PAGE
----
First of all came the Feast of the Most Blessed Sacrament, with its successive developments of Processions, Expositions, Benedictions and the Forty Hours. After this, followed the devotion to the Holy Name of Jesus, (of which St. Bernardine of Sienna was the chief propagator,) and that of Via Crucis or Stations of the Cross, with its wonderful fruit of compunction. The practice of frequent Communion was revived in the 16th century, owing principally to the influence of St. Ignatius and the Society founded by him. In the 17th, was promulgated the devotion to the Sacred Heart of Jesus, which was firmly established in the following century. In the 19th, devotion to the Holy Mother of God has made such progress, as to form one of the leading supernatural characteristics of the period. The Rosary and Scapular, which had been handed down to us in previous ages, have regained their place in the affections of the people; pilgrimages to the Sanctuaries of the Mother of God, which had been interrupted by the influence of Jansenism and rationalism, have been removed; the Archconfraternity of the Sacred Heart of Mary has spread throughout the whole world; numerous miracles have been wrought in reward for the fervent faith of individuals; in a word, our present century has witnessed the triumph of the Immaculate Conception, — a triumph which had been looked forward to for many previous ages.
Now, devotion to Mary could never go on increasing as it has done, without bringing with it a fervent devotion to St. Joseph. We cannot separate Mary and Joseph, were it only for their having such a close connection with the mystery of the Incarnation: Mary, as being the Mother of the Son of God; and Joseph, as being guardian of the Virgin’s spotless honour, and Foster-Father of the Divine Babe. A special veneration for St. Joseph was the result of increased devotion to Mary. Nor is this reverence for Mary’s Spouse to be considered only as a just homage paid to his admirable prerogatives: it is, moreover, a fresh and exhaustless source of help to the world, for Joseph has been made our Protector by the Son of God himself. Hearken to the inspired words of the Church’s Liturgy: “Thou, O Joseph! art the delight of the Blessed, the sure hope of our life, and the pillar of the world!” (Hymn for the Lauds of the Feast of the Patronage of St. Joseph) Extraordinary as is this power, need we be surprised at its being given to a man like Joseph, whose connections with the Son of God on earth were so far above those of all other men? Jesus deigned to be subject to Joseph here below; now that he is in heaven, he would glorify the creature, to whom he consigned the guardianship of his own childhood and his Mother’s honour. He has given him a power, which is above our calculations.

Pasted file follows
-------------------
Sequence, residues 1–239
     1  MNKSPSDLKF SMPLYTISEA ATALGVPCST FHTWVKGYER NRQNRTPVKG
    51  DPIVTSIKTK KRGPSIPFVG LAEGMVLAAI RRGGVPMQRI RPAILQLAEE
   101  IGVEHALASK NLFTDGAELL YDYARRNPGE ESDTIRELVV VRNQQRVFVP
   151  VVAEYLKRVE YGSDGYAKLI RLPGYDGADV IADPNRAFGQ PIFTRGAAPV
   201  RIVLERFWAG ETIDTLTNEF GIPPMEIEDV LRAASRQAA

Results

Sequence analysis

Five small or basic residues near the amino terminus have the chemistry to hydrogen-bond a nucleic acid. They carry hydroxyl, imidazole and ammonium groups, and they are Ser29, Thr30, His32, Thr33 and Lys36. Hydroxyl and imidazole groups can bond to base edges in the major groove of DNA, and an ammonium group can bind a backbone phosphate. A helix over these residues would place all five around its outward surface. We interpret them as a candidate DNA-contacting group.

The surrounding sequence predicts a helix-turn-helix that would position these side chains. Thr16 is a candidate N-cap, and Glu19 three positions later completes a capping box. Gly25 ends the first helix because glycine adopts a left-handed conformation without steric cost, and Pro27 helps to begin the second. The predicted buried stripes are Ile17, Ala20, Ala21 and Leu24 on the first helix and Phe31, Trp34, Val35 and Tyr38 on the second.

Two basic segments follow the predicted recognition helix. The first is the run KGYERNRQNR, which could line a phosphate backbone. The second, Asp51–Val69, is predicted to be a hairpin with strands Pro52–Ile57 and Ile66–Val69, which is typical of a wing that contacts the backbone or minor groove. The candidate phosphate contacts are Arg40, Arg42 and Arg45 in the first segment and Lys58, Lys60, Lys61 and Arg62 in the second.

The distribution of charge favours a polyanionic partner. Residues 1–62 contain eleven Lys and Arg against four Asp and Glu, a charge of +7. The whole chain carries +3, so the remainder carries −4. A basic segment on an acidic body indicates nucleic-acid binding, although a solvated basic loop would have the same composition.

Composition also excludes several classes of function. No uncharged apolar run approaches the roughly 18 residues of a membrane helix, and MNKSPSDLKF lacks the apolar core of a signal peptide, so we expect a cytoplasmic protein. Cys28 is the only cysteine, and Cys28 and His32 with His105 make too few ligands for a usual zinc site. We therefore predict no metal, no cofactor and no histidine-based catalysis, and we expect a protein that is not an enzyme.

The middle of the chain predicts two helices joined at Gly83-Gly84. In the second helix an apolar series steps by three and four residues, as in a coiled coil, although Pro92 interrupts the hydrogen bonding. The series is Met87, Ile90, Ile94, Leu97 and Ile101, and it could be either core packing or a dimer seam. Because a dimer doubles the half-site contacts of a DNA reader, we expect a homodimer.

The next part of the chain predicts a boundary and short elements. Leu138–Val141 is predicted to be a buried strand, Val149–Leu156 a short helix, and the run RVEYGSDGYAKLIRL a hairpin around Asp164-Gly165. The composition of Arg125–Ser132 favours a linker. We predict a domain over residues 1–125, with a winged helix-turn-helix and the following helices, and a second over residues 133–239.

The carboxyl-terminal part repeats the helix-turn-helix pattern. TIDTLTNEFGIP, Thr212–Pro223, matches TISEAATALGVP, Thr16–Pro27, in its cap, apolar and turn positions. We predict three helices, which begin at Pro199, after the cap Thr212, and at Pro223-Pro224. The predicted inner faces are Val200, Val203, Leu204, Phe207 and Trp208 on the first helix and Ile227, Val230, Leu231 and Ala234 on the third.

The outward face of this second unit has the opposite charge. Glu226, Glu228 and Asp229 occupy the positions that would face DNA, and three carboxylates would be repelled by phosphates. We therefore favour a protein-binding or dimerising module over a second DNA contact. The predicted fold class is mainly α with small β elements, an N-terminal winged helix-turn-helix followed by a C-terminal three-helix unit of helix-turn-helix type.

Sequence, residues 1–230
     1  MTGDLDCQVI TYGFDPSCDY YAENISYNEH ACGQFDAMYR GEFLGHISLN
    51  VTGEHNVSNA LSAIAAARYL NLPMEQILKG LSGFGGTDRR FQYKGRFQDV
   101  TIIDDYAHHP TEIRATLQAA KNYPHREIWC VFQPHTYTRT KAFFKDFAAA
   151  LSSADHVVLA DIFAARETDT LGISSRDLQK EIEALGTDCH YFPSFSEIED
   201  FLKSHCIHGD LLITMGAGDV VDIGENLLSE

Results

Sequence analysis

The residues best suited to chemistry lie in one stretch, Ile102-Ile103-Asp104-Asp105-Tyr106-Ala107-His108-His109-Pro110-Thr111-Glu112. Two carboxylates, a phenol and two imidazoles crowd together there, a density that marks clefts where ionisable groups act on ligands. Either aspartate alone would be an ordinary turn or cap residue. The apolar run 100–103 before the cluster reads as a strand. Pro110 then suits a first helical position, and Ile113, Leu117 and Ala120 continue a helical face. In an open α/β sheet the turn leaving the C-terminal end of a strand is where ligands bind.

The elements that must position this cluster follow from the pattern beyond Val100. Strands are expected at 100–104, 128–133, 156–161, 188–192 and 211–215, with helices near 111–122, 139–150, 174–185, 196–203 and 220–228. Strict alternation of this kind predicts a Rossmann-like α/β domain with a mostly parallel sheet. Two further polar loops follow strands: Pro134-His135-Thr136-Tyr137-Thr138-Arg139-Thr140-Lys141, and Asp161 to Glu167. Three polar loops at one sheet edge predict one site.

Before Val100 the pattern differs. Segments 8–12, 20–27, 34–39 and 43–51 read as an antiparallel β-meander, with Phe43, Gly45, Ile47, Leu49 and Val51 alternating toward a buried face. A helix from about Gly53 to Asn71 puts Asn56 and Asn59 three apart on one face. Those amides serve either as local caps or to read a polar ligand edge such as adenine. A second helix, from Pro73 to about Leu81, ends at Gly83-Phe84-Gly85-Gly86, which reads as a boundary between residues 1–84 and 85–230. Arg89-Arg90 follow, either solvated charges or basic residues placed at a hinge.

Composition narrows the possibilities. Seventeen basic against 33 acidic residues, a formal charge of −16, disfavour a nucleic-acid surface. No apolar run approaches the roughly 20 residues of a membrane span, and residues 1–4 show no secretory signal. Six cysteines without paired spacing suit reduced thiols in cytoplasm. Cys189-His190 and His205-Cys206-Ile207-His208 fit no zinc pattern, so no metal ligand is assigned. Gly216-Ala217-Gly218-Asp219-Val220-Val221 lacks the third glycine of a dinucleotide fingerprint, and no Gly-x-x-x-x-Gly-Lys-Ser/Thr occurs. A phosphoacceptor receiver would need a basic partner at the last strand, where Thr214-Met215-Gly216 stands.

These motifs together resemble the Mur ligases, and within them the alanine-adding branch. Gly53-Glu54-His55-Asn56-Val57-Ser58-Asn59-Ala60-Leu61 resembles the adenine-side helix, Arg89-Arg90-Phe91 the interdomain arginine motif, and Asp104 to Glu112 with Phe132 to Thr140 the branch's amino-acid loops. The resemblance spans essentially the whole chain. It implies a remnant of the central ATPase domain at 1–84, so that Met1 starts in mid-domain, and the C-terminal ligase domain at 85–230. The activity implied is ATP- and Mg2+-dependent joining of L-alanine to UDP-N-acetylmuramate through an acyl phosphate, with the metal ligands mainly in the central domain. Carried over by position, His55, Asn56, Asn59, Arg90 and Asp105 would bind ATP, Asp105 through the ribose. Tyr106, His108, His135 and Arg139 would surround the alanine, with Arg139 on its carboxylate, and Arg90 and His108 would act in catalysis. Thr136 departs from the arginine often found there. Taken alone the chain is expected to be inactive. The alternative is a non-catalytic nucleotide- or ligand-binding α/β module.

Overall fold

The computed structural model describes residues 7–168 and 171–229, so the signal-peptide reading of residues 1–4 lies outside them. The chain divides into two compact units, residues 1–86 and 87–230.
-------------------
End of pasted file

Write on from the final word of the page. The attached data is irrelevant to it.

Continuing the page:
Hence it is, that the Church invites us, on this day, to have recourse, with unreserved confidence, to this all-powerful Protector. The world we live in is filled with miseries which would make stronger hearts than ours quake with fear: but, let us invoke St. Joseph with faith, and we shall be protected. In all our necessities, whether of soul or body — in all the trials and anxieties we may have to go through — let us have recourse to St. Joseph, and we shall not be disappointed. The king of Egypt said to his people, when they were suffering from famine: go to Joseph! (Genesis 41:55) the King of Heaven says the same to us: the faithful guardian of Mary has greater influence with God, than Jacob’s son had with Pharaoh.